After Facciola said that he found the threshold of evidence met to allow Choi’s lawyers to search for and provide evidence and witness testimony to mount a defense of vindictive prosecution, George asked for a short recess so she could confer with her superiors.
After returning from a long lunch break, George and her assistant were joined by multiple DOJ employees, who sat in the viewing area, whispering among themselves. George then engaged in a back-and-forth with Judge Facciola and Choi’s defense lawyers over whether the defense of selective prosecution, or “vindictive prosecution” should have been raised before the trial. The government previously filed a motion on Aug. 28 to limit the scope of subject matter in Choi’s trial, meaning he would not be able to talk about “Don’t Ask, Don’t Tell,” and to prevent Choi’s lawyers from adopting the defenses of selective prosecution or impossibility.
Facciola said that, while that would be true in a jury trial, he was wearing “two different hats,” one looking at the evidence as if a juror, and the other looking to see that the defendant’s constitutional rights were not violated. When asked by George what his intentions were, he said he was insulted by the question and refused to answer it.
George then told the court that the government would be filing a writ seeking to stop the judge from allowing Choi’s lawyers to pursue a “vindictive prosecution” defense. When Facciola asked if the government would be willing to dismiss the charges, George said no.
With that stalemate, Facciola halted the trial for 10 days to allow the government to file the writ. If one is filed, the U.S. Attorney’s Office said it will go before U.S. District Court Chief Judge Royce Lamberth, who oversees the federal magistrate judges.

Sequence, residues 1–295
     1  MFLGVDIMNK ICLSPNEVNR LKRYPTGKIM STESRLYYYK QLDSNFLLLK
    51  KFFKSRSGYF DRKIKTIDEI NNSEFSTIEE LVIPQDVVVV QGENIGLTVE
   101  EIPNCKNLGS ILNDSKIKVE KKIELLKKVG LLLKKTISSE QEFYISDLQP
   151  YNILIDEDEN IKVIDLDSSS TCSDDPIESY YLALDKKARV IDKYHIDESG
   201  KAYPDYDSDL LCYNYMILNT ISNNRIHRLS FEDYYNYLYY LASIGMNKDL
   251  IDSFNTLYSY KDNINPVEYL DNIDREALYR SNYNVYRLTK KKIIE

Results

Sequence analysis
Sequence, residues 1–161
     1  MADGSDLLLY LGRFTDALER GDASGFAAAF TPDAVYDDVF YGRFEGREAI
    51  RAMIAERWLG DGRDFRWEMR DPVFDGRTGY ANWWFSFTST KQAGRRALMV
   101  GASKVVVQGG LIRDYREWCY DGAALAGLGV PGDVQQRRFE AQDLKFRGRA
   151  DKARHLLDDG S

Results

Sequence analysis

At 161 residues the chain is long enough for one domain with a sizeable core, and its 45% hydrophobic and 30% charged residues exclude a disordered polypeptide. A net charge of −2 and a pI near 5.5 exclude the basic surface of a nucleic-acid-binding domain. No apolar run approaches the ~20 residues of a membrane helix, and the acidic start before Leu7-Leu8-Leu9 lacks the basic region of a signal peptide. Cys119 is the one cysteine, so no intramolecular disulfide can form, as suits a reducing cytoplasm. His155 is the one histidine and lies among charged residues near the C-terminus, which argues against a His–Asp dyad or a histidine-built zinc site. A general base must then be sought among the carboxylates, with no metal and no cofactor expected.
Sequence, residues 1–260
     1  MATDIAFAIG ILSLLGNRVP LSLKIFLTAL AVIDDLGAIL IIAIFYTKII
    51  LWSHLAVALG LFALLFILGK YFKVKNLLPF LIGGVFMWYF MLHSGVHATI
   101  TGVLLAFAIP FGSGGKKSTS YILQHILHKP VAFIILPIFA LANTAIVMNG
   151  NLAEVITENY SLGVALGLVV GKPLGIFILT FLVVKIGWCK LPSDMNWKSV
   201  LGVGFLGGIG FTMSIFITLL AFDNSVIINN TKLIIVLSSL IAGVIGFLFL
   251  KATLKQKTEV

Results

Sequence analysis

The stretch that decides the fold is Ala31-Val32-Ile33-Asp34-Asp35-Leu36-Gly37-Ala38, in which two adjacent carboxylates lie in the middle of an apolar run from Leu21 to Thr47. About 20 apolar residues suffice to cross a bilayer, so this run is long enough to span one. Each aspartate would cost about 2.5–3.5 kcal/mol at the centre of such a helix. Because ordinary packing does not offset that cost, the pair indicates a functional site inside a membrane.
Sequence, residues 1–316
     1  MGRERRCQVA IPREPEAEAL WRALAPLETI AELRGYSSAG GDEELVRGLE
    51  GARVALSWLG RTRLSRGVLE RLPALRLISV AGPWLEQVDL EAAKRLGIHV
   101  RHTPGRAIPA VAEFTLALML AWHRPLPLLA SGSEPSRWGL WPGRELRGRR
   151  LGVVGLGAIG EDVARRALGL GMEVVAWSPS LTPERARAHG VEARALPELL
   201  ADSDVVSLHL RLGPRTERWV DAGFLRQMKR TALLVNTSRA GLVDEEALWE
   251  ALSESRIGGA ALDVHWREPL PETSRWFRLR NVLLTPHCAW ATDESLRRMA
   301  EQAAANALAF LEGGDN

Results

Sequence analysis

Choi’s lawyers objected to the delay, refusing to waive their right to a speedy trial and pointing out, that, if Choi is not released by Sept. 20, he will be unable to re-enlist in the military.
“There’s nothing about the judge’s ruling that is inhibitive or prejudicial that prevents the government from continuing with its case,” said Choi lawyer Norman Kent. “They are not only suppressing his right to free speech, now they’re trying to inhibit his right to a fair trial.”
When asked to comment on the case or the path forward for the government, George declined, pointing Metro Weekly to spokesman Bill Miller. Miller declined to comment on a currently open case.
Once the writ is filed in District Court, Chief Judge Lamberth may decide to grant or deny it. If it is granted, Facciola can resume the case under instructions from Lamberth not to admit vindictive prosecution as a possible defense. If the writ is denied, the case can go back to Facciola.
As the court dismissed for the day, the assembled DOJ employees in the audience quickly left the courtroom and headed down the hallway. Outside the court, Feldman and Kent both said the government’s refusal to go forward with the case and their attempt to preclude the Choi team from utilizing the vindictive prosecution defense shows they are worried.
“The government is throwing a fourth quarter ‘Hail Mary’ pass that God is going to knock down,” Kent said. “It’s the most remarkable act of desperation that I’ve ever seen in 35 years of practice.”